Low Fluid Residual Fracturing
- R.S. Bullen (Dresser Industries, Inc.)
- Document ID
- Petroleum Society of Canada
- Journal of Canadian Petroleum Technology
- Publication Date
- October 1969
- Document Type
- Journal Paper
- 154 - 157
- 1969. Petroleum Society of Canada
- 3 Production and Well Operations, 4.1.5 Processing Equipment, 1.8 Formation Damage, 5.2 Reservoir Fluid Dynamics, 2.1.3 Sand/Solids Control, 5.2.1 Phase Behavior and PVT Measurements, 2.4.1 Fracture design and containment, 4.1.2 Separation and Treating, 1.6.10 Coring, Fishing, 2.5.2 Fracturing Materials (Fluids, Proppant), 2.1.1 Perforating, 4.3.1 Hydrates
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A new process of fracturing virtually eliminates the requirement for loadfluid recovery. Liquid carbon dioxide makes up 80 per cent of the total fluidvolume injected, and this fluid gasifies after a short, period of time in thereservoir. Propping agents are carried at a high concentration in a smallside-stream of gelled alcohol, and then blended with the liquid CO2pumped into the well. After the C02 gasifies in the formation, onlythe alcohol remains for recovery as a fluid or vapor. The process is primarilydesigned for fracture stimulation of low-permeability gas wells.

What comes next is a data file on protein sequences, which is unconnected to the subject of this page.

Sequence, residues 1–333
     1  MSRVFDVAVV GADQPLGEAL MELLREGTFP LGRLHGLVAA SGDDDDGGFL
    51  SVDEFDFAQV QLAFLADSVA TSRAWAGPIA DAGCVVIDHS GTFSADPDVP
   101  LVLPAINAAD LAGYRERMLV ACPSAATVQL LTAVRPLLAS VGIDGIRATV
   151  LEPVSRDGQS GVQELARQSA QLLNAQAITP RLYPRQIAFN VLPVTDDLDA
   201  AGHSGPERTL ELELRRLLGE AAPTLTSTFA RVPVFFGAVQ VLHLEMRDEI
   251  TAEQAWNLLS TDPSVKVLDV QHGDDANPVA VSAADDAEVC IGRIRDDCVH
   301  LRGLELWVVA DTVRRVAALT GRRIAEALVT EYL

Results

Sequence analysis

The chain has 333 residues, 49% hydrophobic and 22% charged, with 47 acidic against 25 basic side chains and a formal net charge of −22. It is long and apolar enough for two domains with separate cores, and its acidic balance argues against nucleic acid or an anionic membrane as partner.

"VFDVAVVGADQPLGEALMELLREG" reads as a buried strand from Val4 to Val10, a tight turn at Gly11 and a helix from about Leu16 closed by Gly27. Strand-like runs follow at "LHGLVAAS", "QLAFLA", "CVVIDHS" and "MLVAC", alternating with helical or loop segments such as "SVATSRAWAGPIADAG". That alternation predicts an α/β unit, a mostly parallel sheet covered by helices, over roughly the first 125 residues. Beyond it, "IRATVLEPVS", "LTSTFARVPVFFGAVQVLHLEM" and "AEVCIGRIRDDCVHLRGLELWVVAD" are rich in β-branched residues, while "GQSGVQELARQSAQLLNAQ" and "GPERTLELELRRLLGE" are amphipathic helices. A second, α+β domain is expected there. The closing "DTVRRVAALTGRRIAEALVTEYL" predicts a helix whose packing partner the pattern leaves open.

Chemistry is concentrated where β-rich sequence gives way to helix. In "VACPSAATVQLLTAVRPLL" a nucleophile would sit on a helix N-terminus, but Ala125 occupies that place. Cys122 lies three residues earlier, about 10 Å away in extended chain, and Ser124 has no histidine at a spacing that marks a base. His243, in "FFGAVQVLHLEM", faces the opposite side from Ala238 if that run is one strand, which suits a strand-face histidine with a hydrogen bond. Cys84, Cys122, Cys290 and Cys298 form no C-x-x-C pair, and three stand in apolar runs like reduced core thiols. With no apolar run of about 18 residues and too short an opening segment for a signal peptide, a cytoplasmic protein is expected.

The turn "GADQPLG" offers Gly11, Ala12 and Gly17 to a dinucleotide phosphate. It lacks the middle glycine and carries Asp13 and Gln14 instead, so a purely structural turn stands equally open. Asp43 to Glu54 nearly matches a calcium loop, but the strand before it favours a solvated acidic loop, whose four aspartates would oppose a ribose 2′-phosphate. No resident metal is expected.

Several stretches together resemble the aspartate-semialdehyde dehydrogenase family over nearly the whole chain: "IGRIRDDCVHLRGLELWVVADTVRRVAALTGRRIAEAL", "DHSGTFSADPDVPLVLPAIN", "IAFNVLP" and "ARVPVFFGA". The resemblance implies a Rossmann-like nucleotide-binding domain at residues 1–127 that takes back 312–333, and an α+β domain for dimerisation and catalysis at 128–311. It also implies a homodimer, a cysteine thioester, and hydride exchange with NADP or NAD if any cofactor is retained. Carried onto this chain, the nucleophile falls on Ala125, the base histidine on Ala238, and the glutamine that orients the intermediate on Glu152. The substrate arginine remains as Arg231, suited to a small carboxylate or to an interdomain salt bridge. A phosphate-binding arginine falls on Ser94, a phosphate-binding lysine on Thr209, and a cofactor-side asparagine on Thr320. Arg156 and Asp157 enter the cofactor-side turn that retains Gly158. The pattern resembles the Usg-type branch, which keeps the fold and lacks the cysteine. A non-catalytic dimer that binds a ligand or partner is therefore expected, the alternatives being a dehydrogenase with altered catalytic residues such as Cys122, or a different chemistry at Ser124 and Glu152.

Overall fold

FRACTURING OF LOW-PERMEABILITY Reservoirs has always presented the problemof fluid compatibility with the formation core and formation fluids,particularly in gas wells. For example, many formations contain clays whichswell when contacted by aqueous fluids causing restricted permeability, and itis not uncommon to see reduced flow through gas-well cores tested with variousoils. In the past, the approach to the swelling problem has been the use ofchemical additives, such as salts or pH control additives, to water forfracturing water-sensitive formations. Where hydrocarbons are used, lightproducts such as gelled condensate have seen a wide degree of success, but arerestricted in use due to the inherent hazards of pumping volatile fluids. Amore recent technological improvement to the fracturing ofpermeability-sensitive reservoirs essentially eliminates contact of theformation with any fracturing fluids at all. Stimulation is effected byfracturing the well with liquid carbon dioxide as the basic fracturing fluid.Propping agents are blended in a separate stream of gelled alcohol and blendedwith the C02 in the well. The net effect is that the well isfractured with a base fluid with liquid properties. After a short period oftime in the formation, however, the CO2 gasifies, leaving only a lowfluid residual (LFR) of alcohol to recover. This alcohol, in turn, is solublein reservoir gas (methane) and is essentially returned as a vapor.
Earlier experimentation with LFR fracturing indicated that the alcohol hadto be gelled to a viscosity of 20 centipoise or higher in order to besufficient to carry the high concentration of proppant agent through theblender and pumping equipment. Alcohol was chosen as the proppant-carryingagent in view of its compatibility with most gas reservoirs, its low freezingpoint and its potential chemical benefit to the stimulation. Alcohol is alsocompletely compatible and miscible with CO2 for immediate blendingof the two fluids.
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